After a fresh round of Ebola cases were announced in Liberia last week, a 15-year-old boy has died of the disease, the first fatal case for the embattled country after it was twice declared Ebola-free this year, health officials said Tuesday.
Nathan Gbotoe died Monday night at an Ebola treatment center near Monrovia, Liberia’s capital, where his father and brother are also being treated for the disease, said Francis Kateh, chief medical officer of Liberia’s Ebola Case Management System.
Health officials are monitoring more than 160 people, including several health workers, who are at risk for contracting Ebola after they had direct contact with the boy, the Associated Press reported.
Liberia said it requested the help of two experts from the Centers for Disease Control and Prevention in the U.S. to determine the cause of the new cases, the AP reported.
In a press briefing Monday, the World Health Organization said the boy had “no obvious history of exposure to the virus because [he] hadn’t traveled or had not been exposed to someone with Ebola.”
WHO added that the organization believed the latest flare-up in Liberia could have started when someone came in direct contact with a virus that had persisted in an individual, a long-term effect of the virus.
WHO previously declared Liberia to be Ebola-free on May 9, but a crop of new confirmed cases led to two more deaths in June. The country was able to bring the number of transmissions to zero again on Sept. 3 until Gbotoe and his family, including the boy’s mother and two other siblings who were considered “high risk contacts,” were isolated at an Ebola treatment center last week.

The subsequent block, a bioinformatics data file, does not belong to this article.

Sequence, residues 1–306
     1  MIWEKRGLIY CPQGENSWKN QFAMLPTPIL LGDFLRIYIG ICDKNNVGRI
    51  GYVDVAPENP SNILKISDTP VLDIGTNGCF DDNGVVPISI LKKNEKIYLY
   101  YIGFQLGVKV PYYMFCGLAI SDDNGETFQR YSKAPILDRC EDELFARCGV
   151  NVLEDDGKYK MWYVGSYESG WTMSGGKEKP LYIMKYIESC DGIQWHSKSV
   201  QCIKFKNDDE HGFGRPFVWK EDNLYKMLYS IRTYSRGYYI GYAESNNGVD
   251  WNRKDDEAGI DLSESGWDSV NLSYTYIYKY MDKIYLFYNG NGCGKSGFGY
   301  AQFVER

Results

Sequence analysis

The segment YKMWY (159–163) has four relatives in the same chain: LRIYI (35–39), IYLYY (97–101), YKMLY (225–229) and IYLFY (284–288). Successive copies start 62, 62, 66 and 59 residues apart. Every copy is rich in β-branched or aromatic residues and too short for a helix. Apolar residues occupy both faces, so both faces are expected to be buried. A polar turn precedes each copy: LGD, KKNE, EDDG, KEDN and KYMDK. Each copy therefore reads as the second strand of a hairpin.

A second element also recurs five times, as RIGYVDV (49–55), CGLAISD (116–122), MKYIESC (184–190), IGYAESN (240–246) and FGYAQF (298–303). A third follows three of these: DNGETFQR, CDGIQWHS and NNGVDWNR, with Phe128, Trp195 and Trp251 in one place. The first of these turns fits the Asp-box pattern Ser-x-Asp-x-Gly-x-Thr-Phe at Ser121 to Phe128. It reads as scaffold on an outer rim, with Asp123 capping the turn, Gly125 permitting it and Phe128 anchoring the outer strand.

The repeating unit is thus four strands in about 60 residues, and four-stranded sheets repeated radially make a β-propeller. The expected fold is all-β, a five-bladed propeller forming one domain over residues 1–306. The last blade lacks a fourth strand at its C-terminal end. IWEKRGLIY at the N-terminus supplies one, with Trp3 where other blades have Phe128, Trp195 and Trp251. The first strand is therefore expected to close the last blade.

What looks like an ordinary greenhouse is actually an around-the-clock Ebola vaccine factory. At a facility in Kentucky, plants are being injected with a protein in order to spur them into producing one of the three antibodies used in the experimental drug ZMapp. Video by PBS NewsHour
Liberia, one of three West African nations hardest hit by the Ebola virus, has seen more than 10,600 Ebola cases and more than 4,800 deaths, according to WHO. Since the virus was detected in March 2014, more than 11,300 deaths have been recorded.
Sierra Leone was declared free of the virus on Nov. 7, and unless a new confirmed case emerges, Guinea recently started its own countdown of 42 days, or two incubation periods, to end Ebola transmission.